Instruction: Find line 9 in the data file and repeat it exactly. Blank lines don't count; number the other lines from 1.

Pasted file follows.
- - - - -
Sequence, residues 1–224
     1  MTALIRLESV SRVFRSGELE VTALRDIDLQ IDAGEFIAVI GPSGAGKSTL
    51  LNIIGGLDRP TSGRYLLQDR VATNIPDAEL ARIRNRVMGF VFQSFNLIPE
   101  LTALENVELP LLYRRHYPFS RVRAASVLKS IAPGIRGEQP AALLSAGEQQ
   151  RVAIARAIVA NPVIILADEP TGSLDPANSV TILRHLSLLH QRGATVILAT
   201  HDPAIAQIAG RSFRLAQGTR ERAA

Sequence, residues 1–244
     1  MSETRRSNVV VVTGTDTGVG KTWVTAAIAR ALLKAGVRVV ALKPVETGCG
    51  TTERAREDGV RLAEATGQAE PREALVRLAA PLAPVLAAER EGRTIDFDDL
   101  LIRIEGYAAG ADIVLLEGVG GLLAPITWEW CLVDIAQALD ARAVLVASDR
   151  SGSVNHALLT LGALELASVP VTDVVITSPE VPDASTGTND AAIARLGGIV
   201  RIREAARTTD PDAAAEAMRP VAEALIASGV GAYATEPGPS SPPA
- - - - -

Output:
    51  TTERAREDGV RLAEATGQAE PREALVRLAA PLAPVLAAER EGRTIDFDDL